NaviSite Struggles to Resolve Hosting Outage

NaviSite will address customer dissatisfaction and potential legal action after fixing the prolonged outage.

Hosting services provider NaviSite is hoping to put its five-day-and-counting service outage behind it as early as the evening of Nov. 8.

The next step will be to figure out how to mitigate customer dissatisfaction, particularly for those that have been out of business for days.

On social networking sites such as, customers have been lamenting the NaviSite outage that brought down an estimated 165,000 Web sites as the result of a botched data center migration. A number of customers are calling for lawsuits, some claiming their business has been ruined in days of a continuous outage.

"I am one of the many business[es] whose Web site and email are still down because of NaviSites incompetence," wrote Joseph Sherman, on Digg. "Millions of dollars are being lost by many different companies because of NaviSite. There should be a class action lawsuit or some legal action taken to compensate those companies for the loss of revenue."

"My site is still down," wrote another Digg poster. "When will the compensation be paid?"

Rathin Sinha, NaviSites chief marketing officer, said the company has legal council prepared to answer any questions of liability.

The data center migration that caused the massive site outages was a planned event and was intended to improve service and scalability for NaviSites newest customer base, said Sinha.

"Primarily the purpose of this migration is to move customers from an older platform to a brand new platform, to a brand new set of servers for scalability and performance," said Sinha. "It is to give [customers] a better platform, a better environment. The people who are migrated are quite happy with the performance.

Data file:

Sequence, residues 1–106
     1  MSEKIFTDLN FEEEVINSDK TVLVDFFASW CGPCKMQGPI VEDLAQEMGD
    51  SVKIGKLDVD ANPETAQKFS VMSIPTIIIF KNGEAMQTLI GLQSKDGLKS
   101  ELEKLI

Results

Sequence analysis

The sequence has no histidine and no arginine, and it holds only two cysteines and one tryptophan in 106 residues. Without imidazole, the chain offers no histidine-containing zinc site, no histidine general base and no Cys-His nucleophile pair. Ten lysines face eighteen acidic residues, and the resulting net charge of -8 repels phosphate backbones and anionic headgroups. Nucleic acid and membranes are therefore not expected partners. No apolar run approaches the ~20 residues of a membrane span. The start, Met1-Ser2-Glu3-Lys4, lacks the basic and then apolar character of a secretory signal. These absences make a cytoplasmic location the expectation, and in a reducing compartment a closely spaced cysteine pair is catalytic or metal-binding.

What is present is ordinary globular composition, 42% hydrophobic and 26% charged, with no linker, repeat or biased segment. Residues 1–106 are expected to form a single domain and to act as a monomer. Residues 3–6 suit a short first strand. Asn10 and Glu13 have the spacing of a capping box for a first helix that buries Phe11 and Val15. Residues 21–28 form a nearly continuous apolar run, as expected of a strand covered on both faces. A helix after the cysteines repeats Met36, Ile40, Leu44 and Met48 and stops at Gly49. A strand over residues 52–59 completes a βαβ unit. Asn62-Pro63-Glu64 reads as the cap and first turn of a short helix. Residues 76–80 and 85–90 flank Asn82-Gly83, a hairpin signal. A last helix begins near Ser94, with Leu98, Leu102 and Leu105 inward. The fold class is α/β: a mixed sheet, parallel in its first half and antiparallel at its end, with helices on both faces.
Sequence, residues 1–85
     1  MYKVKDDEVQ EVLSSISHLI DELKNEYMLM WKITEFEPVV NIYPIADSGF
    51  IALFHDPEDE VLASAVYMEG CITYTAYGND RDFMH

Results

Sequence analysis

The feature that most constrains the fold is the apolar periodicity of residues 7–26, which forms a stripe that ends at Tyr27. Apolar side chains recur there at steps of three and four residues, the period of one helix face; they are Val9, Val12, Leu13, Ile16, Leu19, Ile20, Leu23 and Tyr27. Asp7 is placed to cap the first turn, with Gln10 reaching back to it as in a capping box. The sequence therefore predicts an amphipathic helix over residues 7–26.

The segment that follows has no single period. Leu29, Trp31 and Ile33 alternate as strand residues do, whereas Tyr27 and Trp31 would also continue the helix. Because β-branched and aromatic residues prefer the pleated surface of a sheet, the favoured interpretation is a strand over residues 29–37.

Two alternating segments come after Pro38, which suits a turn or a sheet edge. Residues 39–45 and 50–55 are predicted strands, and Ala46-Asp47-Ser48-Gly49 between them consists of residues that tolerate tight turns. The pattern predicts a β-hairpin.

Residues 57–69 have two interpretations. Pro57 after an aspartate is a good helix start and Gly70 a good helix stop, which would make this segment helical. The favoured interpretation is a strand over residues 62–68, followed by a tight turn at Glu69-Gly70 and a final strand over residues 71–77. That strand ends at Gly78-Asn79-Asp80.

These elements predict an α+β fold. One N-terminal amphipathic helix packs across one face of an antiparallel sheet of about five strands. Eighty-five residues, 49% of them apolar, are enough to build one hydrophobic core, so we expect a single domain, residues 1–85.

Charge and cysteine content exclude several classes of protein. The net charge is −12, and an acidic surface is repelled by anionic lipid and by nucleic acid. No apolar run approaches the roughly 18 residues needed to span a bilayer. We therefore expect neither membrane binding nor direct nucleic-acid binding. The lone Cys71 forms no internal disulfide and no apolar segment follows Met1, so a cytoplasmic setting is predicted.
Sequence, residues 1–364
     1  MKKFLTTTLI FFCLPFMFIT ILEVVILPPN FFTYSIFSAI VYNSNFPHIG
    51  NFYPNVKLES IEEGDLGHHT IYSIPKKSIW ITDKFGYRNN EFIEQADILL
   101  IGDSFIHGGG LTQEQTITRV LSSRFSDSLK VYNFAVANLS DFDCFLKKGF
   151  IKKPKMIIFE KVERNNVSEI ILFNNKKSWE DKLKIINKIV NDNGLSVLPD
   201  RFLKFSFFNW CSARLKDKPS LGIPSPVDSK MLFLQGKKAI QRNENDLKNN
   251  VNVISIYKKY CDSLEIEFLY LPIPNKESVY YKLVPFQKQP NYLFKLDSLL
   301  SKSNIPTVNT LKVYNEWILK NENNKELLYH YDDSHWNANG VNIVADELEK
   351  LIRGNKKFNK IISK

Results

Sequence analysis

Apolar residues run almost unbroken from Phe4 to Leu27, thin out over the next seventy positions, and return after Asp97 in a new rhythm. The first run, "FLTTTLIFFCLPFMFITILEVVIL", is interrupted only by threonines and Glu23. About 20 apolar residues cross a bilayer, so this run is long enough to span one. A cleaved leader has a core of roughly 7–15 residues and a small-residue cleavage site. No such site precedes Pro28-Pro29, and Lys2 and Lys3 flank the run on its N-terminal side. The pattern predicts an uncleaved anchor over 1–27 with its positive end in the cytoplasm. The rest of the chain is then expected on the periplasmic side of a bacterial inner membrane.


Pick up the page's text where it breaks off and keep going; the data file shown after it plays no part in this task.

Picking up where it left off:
"Right now our primary focus is to bring up all the customers, get them back live and try to solve any future problems. And then think about [any resulting issues]. We want them to be happy with us, and make them happy. We will do whatever is necessary to the extent that we can to help them."

Sinha said that NaviSite has tried to be transparent with the issue and the steps it is taking to solve the problem. Customers, he said, are primarily concerned with one question: "When can my site come up, can you help me?"


Click here to read about a service outage caused by a massive server migration at Hostway.

NaviSites problems started Nov. 3 when the company attempted to move some 850 servers from Baltimore, the headquarters of Alabanza, which it had acquired in August, to its Andover, Mass., base. Initially, 200 servers were to be moved by truck and 650 moved virtually, with a data transfer over the Internet. When that process proved too slow, NaviSite started tossing servers in a truck and physically moving them to Andover. Then technical glitches created even more issues.

NaviSites service outage is eerily similar to one of its competitors. Last July Hostway, which had acquired ValueWeb, planned to move several thousand servers 270 miles away, from Miami to Tampa, Fla. While its not clear exactly what happened with Hostways migration, the outcome was that thousands of customers were without service for some three days.

Its unclear if Hostway had any fallout from its days-long customer outage. Hostway officials did not return calls to eWEEK by press time.


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